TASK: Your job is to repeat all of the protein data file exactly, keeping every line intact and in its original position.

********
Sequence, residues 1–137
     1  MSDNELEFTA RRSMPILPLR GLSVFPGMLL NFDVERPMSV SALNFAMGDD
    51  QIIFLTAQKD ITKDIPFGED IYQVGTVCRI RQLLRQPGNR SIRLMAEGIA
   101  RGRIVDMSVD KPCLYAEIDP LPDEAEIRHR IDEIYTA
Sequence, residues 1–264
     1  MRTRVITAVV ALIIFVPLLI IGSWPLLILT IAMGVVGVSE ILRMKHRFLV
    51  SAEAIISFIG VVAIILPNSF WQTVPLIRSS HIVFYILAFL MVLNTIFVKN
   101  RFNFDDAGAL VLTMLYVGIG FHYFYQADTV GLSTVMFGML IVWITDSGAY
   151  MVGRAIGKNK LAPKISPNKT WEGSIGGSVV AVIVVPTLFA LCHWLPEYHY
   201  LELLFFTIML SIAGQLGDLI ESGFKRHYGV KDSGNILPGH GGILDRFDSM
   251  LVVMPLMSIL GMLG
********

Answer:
Sequence, residues 1–137
     1  MSDNELEFTA RRSMPILPLR GLSVFPGMLL NFDVERPMSV SALNFAMGDD
    51  QIIFLTAQKD ITKDIPFGED IYQVGTVCRI RQLLRQPGNR SIRLMAEGIA
   101  RGRIVDMSVD KPCLYAEIDP LPDEAEIRHR IDEIYTA
Sequence, residues 1–264
     1  MRTRVITAVV ALIIFVPLLI IGSWPLLILT IAMGVVGVSE ILRMKHRFLV
    51  SAEAIISFIG VVAIILPNSF WQTVPLIRSS HIVFYILAFL MVLNTIFVKN
   101  RFNFDDAGAL VLTMLYVGIG FHYFYQADTV GLSTVMFGML IVWITDSGAY
   151  MVGRAIGKNK LAPKISPNKT WEGSIGGSVV AVIVVPTLFA LCHWLPEYHY
   201  LELLFFTIML SIAGQLGDLI ESGFKRHYGV KDSGNILPGH GGILDRFDSM
   251  LVVMPLMSIL GMLG